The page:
Picture this. You’re at a Gourmerican burger joint chomping a cheeseburger, when an outspoken vegan friend starts preaching that you’re killing the planet. Last week, that same vegan downed a pricey glass of pinot before their flight to a far-flung destination, armed with their strongest mossie repellant and first aid kit. Anything amiss?
A new report on the value and uptake of marketing automation has highlighted the rising role these platforms have in cross-channel campaign management and providing personalised and targeted customer experiences.
The global State of Marketing Automation report, which was produced by Forrester Research on behalf of global co-innovation company, Regalix, found 73 per cent of respondents were already using marketing automation solutions, while 15 per cent are currently evaluating or considering their options.
Of those already using marketing automation, 82 per cent are using a hosted solution, but only 5 per cent outsource to agencies. The top three vendor choices were Marketo, Eloqua and Pardot.
According to the report, the primary features marketers seek from marketing automation are email marketing (89 per cent), lead nurturing (84 per cent) and campaign management (82 per cent). This was closely followed by integration of CRM, social media and other channels (80 per cent).
The report also noted marketers are no longer viewing or treating marketing automation technologies as systems to automate and manage emails, but as more sophisticated platforms to manage cross-channel campaigns and deliver personalised and targeted customer experience. For example, 64 per cent of respondents said marketing automation is an excellent tool for seamless campaign execution and tracking.
However, the key metrics used to determine the performance of marketing automation systems still indicate the way marketers have to go before they achieve true channel integration.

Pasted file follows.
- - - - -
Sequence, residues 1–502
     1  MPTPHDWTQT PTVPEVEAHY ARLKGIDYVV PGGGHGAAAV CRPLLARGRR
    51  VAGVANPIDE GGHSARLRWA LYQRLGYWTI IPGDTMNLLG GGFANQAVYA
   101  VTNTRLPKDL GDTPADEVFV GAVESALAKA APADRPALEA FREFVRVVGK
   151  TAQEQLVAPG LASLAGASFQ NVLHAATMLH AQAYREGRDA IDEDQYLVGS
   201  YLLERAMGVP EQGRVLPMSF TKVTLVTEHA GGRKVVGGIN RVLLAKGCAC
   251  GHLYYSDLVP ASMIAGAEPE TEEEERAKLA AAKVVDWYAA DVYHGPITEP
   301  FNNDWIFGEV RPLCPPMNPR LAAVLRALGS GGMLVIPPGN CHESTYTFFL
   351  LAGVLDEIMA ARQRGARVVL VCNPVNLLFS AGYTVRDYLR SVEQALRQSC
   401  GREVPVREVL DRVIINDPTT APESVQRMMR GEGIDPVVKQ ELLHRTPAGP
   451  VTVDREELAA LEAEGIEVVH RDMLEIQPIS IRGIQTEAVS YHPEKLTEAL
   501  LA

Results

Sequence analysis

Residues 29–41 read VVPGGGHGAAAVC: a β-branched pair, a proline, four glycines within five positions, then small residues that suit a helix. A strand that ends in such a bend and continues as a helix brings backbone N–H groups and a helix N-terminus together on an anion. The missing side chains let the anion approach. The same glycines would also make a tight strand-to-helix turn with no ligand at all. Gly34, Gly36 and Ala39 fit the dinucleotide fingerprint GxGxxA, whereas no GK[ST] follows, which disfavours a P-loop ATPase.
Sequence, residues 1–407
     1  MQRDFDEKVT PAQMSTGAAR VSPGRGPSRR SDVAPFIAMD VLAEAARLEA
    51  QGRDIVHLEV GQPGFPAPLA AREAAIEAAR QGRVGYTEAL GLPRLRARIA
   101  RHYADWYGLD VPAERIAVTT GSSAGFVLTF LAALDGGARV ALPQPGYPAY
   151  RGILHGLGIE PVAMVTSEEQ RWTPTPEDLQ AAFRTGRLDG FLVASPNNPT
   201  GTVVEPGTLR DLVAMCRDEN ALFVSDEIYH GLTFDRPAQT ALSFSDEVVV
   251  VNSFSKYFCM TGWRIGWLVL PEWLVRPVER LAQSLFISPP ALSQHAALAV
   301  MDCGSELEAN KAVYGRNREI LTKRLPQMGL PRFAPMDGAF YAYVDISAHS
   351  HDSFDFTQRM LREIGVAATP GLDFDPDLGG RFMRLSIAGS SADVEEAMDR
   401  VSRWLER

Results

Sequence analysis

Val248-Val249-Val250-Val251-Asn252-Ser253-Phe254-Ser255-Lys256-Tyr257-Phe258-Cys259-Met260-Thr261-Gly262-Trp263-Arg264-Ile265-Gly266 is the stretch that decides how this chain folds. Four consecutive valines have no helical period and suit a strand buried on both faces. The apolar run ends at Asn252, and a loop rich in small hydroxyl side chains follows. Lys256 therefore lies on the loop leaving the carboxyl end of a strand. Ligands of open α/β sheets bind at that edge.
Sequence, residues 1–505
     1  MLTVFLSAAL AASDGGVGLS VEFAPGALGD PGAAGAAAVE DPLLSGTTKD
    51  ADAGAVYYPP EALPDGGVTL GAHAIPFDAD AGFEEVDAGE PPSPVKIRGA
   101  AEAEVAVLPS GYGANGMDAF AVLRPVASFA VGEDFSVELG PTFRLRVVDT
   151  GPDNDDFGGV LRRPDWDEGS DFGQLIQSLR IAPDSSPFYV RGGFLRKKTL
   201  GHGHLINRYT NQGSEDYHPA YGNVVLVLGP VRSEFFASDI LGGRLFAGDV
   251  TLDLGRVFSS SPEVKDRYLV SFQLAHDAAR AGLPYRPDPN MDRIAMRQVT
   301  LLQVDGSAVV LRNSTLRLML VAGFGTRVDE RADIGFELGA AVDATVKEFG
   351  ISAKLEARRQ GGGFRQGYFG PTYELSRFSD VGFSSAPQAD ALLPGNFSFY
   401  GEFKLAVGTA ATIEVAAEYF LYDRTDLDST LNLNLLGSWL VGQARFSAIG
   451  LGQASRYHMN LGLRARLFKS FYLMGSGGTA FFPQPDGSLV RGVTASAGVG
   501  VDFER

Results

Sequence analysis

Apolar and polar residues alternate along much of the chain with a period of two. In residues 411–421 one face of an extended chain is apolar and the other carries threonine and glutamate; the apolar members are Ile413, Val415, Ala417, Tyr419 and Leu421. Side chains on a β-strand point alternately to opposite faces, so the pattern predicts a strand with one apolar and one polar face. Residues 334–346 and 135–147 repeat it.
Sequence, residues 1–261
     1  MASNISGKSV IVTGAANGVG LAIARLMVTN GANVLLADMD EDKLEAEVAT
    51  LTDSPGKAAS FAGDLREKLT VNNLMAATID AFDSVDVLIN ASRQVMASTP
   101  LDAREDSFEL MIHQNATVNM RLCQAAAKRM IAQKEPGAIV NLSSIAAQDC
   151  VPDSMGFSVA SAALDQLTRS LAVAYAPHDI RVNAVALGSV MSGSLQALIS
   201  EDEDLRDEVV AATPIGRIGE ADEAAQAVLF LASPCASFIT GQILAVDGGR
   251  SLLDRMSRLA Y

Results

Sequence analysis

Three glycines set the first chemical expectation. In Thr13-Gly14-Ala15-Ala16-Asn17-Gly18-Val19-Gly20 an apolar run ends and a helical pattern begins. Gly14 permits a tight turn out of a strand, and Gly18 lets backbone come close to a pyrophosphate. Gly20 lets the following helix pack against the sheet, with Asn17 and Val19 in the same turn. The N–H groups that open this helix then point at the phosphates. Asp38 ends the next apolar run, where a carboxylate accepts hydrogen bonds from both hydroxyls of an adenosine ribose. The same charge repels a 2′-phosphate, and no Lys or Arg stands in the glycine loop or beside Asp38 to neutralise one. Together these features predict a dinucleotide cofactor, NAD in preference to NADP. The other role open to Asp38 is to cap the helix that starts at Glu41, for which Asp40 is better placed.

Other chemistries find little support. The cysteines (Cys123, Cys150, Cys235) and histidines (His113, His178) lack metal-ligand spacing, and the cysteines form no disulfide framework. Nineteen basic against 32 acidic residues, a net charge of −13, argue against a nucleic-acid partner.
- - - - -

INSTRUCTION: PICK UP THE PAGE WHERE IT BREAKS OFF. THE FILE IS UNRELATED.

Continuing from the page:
Top of the list were response metrics such as open rates, click throughs and unsubscribes (87 per cent), followed by efficiency metrics such as cost per lead, close rate, conversion rate and number of sales accepted leads (58 per cent). In third place were value metrics, such as revenue generated and pipeline value (61 per cent).
Less popular were activity metrics such as number of emails sent (34 per cent).
“The survey demonstrated that marketers are still not measuring the right metrics to determining the change in revenue,” the report authors stated. “Marketing automation users still mostly rely on response metrics to determine value of the system, as opposed to value metrics, which measure the increase in revenue, pipeline generated, and so on.”
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Nearly two-thirds of respondents said it takes at least six months to realise the benefits of using marketing automation from the time of implementation, while 20 per cent said the return was achieved in just three months. Sixty-five per cent of marketers said less than 10 per cent of their budget is currently allocated to marketing automation, and 55 per cent cited a lack of resources as the primary reason for their inability to fully utilise the system.
Factors used to determine which system to choose include ease of use, price, scalability, product integration and technical support/customer service.
Another notable finding of the report is that the primary decision maker for marketing automation purchases is the vice-president of marketing, rather than the CMO (37 per cent versus 13 per cent).
The Regalix research was based on a survey of more than 300 marketers and business leaders in March 2014.